The judge was so helpful and encouraging, showing us how to present our goats and telling me
‘Your job is to get all your goat’s faults past me’.
It’s true, there is no such thing as the perfect goat, so learning how to present your goat in the best way for the judge is advantageous.
First mistake, I had only brought one milking bucket for two milkers. Each milker needs her own labelled milking bucket. We were kindly leant a bucket by our neighbour, panic over.
For those, like me, who have never been to a milking class, it is quite daunting first time around.
I marvelled at huge dairy goats balanced on impossibly narrow milking stands, chewing their cud peacefully, their owners intent on rhythmically squirting a seemingly endless flow of milk into their buckets. I had never seen milk produced in such vast quantities! It seemed to me that only the goats themselves were pretty chilled out by the whole process. That is every goat except mine. Saintly Rose, who trots on to the milking table at home, standing beautifully while I milk her, became a Wild Thing at the Goat Show. I can only think she was missing her table or feeling the intense vibe.
“Pin her against the partition and keep feeding her digestives!” I hissed at my daughter.
Rose jigged, leaped, reared, lay down, refusing to eat. Between us we somehow got some milk into the bucket via a jug, but it was a harrowing experience made worse by being surrounded by all these beautifully behaved dairy goats.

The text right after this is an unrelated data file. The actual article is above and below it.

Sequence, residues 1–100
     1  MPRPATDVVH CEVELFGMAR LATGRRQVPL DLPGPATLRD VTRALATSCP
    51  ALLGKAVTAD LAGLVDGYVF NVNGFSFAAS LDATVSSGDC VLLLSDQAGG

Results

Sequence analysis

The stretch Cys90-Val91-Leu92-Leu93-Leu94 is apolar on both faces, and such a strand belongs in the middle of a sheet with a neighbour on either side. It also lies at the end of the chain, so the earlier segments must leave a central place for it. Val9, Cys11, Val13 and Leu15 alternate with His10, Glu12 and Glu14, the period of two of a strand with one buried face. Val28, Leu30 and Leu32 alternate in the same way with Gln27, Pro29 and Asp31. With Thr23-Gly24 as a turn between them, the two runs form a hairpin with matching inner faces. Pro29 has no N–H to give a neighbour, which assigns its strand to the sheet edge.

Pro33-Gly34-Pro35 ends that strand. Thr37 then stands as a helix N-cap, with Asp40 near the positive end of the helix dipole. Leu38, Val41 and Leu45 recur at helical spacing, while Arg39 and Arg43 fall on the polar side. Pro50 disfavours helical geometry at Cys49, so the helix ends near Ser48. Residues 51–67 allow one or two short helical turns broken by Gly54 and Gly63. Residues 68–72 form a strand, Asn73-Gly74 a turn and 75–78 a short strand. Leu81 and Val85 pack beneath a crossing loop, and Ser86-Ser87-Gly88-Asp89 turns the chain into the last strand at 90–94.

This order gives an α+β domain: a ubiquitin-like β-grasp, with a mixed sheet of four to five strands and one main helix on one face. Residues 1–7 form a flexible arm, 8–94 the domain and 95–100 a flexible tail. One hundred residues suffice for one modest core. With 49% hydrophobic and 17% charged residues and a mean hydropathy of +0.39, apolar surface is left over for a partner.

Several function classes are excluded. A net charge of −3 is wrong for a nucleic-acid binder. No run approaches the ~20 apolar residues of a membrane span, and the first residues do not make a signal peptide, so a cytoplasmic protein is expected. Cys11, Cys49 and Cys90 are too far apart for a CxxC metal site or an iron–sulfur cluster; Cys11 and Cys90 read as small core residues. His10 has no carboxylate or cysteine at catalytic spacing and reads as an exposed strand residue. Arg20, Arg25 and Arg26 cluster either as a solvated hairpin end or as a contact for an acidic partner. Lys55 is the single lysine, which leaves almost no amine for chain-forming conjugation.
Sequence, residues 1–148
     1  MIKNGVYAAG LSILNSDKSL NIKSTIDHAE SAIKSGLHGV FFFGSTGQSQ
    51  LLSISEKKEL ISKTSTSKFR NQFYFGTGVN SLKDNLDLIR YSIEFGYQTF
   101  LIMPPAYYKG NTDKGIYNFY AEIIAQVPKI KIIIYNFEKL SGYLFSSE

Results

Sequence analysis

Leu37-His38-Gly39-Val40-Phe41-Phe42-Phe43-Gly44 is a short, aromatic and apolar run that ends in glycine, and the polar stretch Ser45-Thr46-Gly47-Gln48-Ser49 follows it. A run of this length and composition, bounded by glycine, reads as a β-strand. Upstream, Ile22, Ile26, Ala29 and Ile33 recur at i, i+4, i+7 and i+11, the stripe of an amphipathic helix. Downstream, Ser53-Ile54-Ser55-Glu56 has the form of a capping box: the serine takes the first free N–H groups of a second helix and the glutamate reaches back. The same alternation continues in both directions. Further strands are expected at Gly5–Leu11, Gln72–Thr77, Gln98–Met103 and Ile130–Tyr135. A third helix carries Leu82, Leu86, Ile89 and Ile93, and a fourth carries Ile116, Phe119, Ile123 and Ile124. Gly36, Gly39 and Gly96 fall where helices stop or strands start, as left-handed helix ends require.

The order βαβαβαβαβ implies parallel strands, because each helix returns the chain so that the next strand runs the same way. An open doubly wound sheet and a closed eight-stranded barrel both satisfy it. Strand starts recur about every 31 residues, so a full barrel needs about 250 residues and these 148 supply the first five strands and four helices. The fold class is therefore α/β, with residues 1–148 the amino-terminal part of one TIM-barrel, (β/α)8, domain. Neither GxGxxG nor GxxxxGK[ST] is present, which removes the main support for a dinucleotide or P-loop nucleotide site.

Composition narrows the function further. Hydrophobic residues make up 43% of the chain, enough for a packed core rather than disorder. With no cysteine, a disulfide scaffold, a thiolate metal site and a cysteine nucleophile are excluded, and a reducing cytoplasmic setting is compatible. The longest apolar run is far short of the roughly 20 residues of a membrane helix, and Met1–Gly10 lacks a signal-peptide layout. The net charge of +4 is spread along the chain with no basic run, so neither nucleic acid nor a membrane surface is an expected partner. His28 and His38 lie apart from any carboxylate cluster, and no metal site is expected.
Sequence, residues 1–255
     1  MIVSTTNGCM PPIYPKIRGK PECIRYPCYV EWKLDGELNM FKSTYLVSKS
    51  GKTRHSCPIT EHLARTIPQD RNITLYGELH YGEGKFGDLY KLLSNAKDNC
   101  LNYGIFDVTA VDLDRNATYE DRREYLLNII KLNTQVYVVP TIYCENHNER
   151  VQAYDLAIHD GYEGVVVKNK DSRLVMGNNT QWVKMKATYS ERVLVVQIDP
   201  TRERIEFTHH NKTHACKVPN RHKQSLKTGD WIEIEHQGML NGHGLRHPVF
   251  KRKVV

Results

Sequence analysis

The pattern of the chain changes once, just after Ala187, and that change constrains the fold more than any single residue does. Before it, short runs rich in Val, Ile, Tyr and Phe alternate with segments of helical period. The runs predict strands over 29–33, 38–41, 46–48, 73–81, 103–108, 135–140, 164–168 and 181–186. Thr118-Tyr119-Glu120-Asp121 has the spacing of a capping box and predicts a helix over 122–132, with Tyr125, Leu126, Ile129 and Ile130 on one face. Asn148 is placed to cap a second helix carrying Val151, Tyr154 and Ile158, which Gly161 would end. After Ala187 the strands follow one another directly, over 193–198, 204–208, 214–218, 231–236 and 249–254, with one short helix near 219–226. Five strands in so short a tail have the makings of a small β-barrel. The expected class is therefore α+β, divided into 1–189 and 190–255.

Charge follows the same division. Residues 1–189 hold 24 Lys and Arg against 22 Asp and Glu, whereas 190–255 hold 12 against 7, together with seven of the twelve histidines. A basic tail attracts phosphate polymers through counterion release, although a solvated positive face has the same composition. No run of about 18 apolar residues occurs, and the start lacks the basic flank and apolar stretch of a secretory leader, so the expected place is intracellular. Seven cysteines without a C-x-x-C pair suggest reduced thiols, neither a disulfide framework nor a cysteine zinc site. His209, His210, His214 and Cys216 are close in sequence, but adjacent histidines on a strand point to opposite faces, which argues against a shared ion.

Once the milking was over we started to enjoy the show. Feeling quite relaxed by the afternoon, we lined up my three young boys for the judge. Edmond was positioned first; he clearly had this class in the bag, when the judge, lifting up his feet, recoiled in horror at a 2mm rim of excess hoof. I had forgotten to trim his feet!
“This goat has not been prepared for the show ring!” he barked, “So I am now placing him in second position as a lesson to you”
Mortified, I shuffled down the line, swapping places with my daughter. Feeling less buoyant we left the ring and were consoled and shown how to trim hooves by another kind exhibitor.
It’s wonderful how even in the alien environment of the show ring your goat’s character will shine out. Sometimes this can work against you. It did with us at the Cambridge Breed Show. It was funny watching my three young Billy kids lining up for the judge. Peregrine, tactile, super affectionate, collapsing with delight as the judge examined him; Edmond, a true gentlemen, stood poised and perfect like a choir boy; Orache, on the other hand is a pocket rocket, pumped with testosterone, on the cusp of puberty, going through the self-discovery phase… Giggles erupted down the line. I looked around to see him blissfully happy, spraying himself and anyone near by enthusiastically. Knowing something far more explicit was to follow, I started mouthing at Megan his handler, who thankfully acted swiftly and distracted him from further inappropriate behaviour in front of the young families watching at the ringside.